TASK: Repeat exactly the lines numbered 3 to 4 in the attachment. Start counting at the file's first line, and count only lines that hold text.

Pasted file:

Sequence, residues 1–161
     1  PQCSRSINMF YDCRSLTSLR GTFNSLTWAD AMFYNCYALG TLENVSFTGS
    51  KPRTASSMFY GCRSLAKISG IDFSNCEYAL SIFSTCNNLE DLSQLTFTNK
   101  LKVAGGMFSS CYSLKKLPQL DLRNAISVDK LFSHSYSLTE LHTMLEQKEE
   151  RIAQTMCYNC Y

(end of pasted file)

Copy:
    51  KPRTASSMFY GCRSLAKISG IDFSNCEYAL SIFSTCNNLE DLSQLTFTNK
   101  LKVAGGMFSS CYSLKKLPQL DLRNAISVDK LFSHSYSLTE LHTMLEQKEE